A computer engineer accidentally dropped a hard drive containing around £149m worth of bitcoin and is now planning a £10m treasure hunt; Searching for a lost hard drive by searching a dump.
James Howells is to ask Newport City Council if he can excavate the tip of the rubbish in Wales – a request that has been refused several times in the past – using robot dogs and a complex artificial intelligence machine.
The 36-year-old threw away the hard drive in 2013 and said it now contained more than £149 million worth of Bitcoin.
He was clearing out his desk when the hard drive was thrown into the trash along with a broken laptop, old keyboards and mice.
But despite Howells repeatedly appealing to Newport council to help restore the device; His applications have been rejected for the past nine years.
This comes at a time when the value of cryptocurrencies including “Bitcoin” is crashing again in a new decline for the digital currency.
The council had previously told Howells “on a number of occasions” that “drilling is not possible under our license permit, and that drilling in itself would have a significant environmental impact in the surrounding area.”
However, he is now proposing to seek £10m for the council in the coming weeks – backed by venture capital funding – using robot dogs, drones and an AI machine to sift through 110,000 tonnes of rubbish.
The proposal has two versions – based on how many landfills the council will allow it to filter through – using a team of eight experts specializing in landfill excavation, waste management and data mining.
Howells said he has budgeted for security costs, including two ‘Spot’ robot dogs that will undertake CCTV patrols in the evening; So no one else can try to locate a hard drive overnight.
* Robot arm
A mechanical arm will be brought in to filter through the garbage and locate the hard drive with the local pickers.
“We are trying to achieve this project with full commercial standards,” he said.
Howells’ plans also include “building a solar or wind farm on top of the landfill once the project is complete.”
He believes that even after all this time, his hard drive will still be in good working order to recover bitcoins.
Howells said that if the project was successful; It will keep only 30 percent of the value, split the rest between the recovery team and investors, while giving the rest to local authorities in Newport.
Newport Council told MailOnline that Howells had made repeated requests for help but was unable to help him.
A spokesman for Newport City Council said: “Newport City Council has been contacted several times since 2013 about the possibility of recovering a piece of IT hardware allegedly containing bitcoin, which may or may not be in our landfill.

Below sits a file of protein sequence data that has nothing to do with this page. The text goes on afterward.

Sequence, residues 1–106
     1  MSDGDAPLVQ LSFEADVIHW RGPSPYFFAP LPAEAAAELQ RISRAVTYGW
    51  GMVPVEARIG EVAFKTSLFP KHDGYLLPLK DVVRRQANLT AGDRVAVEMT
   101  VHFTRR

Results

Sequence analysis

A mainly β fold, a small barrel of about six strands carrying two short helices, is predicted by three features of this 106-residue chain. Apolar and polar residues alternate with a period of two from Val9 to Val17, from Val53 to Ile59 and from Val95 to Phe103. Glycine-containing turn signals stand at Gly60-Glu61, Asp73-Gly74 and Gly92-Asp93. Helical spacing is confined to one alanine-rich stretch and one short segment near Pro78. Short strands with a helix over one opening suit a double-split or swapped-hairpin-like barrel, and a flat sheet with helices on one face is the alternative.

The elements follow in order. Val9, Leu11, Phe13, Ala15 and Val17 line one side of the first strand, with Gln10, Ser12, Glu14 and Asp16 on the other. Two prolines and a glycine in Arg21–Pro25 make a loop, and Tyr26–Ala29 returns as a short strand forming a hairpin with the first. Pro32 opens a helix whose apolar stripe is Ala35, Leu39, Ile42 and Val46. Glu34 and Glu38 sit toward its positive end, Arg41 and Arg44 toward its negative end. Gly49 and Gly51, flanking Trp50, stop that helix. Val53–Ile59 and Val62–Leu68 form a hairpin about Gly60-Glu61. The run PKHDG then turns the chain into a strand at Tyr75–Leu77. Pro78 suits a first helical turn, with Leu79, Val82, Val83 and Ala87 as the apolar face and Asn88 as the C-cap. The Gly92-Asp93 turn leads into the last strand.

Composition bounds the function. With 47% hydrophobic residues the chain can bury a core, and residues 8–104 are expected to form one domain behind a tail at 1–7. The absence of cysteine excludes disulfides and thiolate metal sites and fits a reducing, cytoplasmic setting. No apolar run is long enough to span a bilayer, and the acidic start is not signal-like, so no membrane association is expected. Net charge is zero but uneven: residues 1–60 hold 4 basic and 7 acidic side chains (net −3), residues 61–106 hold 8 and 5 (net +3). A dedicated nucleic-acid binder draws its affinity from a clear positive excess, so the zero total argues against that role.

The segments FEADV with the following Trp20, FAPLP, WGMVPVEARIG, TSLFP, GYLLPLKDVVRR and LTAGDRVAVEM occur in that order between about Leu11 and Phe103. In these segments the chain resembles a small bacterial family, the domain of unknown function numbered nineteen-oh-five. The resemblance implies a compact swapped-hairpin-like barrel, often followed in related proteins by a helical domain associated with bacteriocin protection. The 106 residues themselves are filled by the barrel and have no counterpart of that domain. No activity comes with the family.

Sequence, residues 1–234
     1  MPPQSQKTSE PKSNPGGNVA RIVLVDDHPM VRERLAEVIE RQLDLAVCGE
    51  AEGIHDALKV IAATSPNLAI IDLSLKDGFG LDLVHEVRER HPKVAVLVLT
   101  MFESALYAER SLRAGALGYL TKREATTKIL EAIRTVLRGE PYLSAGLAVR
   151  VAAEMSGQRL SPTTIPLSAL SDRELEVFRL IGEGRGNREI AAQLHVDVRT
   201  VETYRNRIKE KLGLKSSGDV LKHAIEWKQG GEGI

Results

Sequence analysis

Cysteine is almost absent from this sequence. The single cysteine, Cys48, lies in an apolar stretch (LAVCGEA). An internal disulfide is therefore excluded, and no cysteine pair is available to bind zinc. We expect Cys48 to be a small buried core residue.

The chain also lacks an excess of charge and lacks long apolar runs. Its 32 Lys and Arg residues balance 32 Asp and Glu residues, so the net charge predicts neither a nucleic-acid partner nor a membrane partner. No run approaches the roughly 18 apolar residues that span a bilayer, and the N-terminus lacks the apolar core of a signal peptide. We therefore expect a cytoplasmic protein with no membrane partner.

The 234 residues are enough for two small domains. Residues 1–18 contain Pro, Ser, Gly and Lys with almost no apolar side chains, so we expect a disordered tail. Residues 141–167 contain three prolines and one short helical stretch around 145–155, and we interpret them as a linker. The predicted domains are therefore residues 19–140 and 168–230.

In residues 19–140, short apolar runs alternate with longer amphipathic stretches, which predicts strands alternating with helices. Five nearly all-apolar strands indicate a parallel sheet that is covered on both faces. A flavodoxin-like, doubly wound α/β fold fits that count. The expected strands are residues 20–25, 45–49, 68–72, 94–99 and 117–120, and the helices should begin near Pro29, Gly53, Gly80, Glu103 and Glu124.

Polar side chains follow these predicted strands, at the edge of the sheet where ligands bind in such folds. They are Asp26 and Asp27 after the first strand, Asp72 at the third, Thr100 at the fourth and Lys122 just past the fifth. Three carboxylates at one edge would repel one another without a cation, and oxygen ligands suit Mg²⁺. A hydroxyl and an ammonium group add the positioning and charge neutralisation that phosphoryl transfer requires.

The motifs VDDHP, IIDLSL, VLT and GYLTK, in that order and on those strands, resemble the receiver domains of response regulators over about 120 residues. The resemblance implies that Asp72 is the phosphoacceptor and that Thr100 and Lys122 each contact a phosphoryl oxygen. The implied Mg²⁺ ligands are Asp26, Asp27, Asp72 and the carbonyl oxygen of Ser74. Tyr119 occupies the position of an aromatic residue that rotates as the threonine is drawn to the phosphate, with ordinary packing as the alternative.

* The first time to search for the missing
The first time was several months after Howells realized the device was missing.
The site reported that the engineer recently presented a plan that included advanced technologies, estimated at a cost of about $12 million, to find the hard drive.
The plan includes the use of artificial intelligence technology to filter garbage and the use of a number of environmental experts and data recovery, as well as robot dogs; So that no one else can try to steal the hard drive if they find it.
The newspaper quoted Howells as saying that the search in the landfill is a mammoth operation in itself and requires a lot of funding.
The young engineer promised that if the operation was successful, he would use a large percentage of the money recovered to invest in projects that help people in the city, including placing a clean energy generation facility at the landfill.
“We would like to set up a mining facility that will use that clean electricity to produce bitcoins for the residents of Newport,” he added.
However, the main issue Howells has yet to overcome is getting permission from the board.
A spokesman for Newport City Council said: “We have legal duties to fulfill in managing the landfill.”
“We’ll also have to shut down the site so Howells can do his job,” he added. We are a public sector body, and our duty is to provide services to our residents, not to speculative excavations that will impede the provision of those services.
“Also, there is no guarantee that the hard drive is even at the landfill, and even if it is, the chances of it being found and in repairable condition after being in the landfill for nine years, exposed to high voltage and a corrosive environment , is very thin.”